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Rebolledo-Solleiro, Daniela; Solleiro-Villavicencio, Helena; Velasco, Myrian; Roldan-Roldan, Gabriel (2020)


Rev Neurol 70(2):53-66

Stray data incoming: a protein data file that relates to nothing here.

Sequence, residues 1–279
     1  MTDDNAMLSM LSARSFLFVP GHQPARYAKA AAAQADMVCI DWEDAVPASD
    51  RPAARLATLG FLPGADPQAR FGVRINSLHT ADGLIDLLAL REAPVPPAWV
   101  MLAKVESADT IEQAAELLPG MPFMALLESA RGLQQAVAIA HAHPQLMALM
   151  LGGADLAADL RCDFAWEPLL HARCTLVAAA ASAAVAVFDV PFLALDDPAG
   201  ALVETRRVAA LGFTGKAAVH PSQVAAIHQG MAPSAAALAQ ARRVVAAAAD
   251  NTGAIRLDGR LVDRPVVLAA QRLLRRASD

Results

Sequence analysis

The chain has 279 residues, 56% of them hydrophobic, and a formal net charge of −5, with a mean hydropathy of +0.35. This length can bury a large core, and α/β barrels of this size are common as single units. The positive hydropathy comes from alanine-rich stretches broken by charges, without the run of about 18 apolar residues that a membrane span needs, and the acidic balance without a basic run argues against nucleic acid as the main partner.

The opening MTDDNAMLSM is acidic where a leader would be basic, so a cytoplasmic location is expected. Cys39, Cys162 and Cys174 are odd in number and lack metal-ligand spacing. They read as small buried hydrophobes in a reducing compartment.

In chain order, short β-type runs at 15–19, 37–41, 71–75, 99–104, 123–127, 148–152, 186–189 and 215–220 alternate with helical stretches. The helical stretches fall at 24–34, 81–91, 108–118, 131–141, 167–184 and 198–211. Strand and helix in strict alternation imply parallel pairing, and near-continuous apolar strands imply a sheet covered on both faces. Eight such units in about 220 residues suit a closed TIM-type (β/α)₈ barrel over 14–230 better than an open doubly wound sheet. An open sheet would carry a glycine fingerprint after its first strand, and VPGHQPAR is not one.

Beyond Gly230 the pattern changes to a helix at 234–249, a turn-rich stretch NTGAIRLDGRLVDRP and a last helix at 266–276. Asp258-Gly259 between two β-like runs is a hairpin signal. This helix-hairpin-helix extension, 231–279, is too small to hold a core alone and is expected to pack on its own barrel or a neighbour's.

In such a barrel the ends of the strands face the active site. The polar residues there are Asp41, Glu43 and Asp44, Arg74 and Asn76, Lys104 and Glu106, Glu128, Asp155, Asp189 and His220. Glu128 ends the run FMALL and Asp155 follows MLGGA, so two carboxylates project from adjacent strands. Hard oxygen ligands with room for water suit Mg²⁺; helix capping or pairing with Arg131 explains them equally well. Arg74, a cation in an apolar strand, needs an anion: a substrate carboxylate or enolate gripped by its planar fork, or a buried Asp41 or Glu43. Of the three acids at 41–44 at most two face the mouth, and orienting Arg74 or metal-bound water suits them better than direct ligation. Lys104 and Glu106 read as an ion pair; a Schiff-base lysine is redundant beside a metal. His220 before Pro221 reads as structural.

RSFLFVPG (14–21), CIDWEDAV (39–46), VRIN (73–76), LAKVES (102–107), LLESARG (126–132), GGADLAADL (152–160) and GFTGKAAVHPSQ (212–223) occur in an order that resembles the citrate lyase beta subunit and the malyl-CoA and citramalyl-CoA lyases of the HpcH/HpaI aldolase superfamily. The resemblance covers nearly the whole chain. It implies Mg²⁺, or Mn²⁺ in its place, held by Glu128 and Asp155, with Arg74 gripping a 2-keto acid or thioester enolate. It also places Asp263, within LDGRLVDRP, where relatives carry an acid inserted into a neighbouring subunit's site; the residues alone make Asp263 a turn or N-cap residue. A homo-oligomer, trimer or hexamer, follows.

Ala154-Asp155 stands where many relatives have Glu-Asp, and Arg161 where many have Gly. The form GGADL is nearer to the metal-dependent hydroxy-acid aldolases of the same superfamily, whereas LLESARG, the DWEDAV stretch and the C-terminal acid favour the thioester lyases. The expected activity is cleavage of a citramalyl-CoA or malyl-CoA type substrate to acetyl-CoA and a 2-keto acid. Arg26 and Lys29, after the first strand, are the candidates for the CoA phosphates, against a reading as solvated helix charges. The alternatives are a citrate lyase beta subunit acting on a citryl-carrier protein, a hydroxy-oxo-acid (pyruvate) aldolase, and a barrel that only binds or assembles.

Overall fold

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Nowadays, it is well accepted that obesity and metabolic syndrome are diseases that constitute a global public health issue. In consequence, the interest in the study of the effects these pathologies produce in the central nervous system has greatly increased in the last decades. One of the most overlooked topics in the literature is the impact they exert in sensory systems, among which is olfaction. The olfactory system is related to a number of vital functions, like the activation of defense mechanisms, contribution to appetitive and digestive reflexes, recognition of conspecifics, and even has socio-sexual implications. It has been discovered that the olfactory system also plays a crucial role in food intake, the choice of foods, appetite and satiety mechanisms; therefore, it is involved in obesity development. Clinical studies have proven that obese patients exhibit hyposmia more frequently than aged-matched healthy controls. Olfactory alterations have also been found in obese rodents or in animals with similar features of human metabolic syndrome. The causes of this association are still being investigated. This work reviews the studies that have tried to understand this association from a preclinical and clinical approach as well as those biological mechanisms that could be involved. The evidences here presented suggest that obesity and metabolic syndrome affect the adequate function of olfactory sensory system.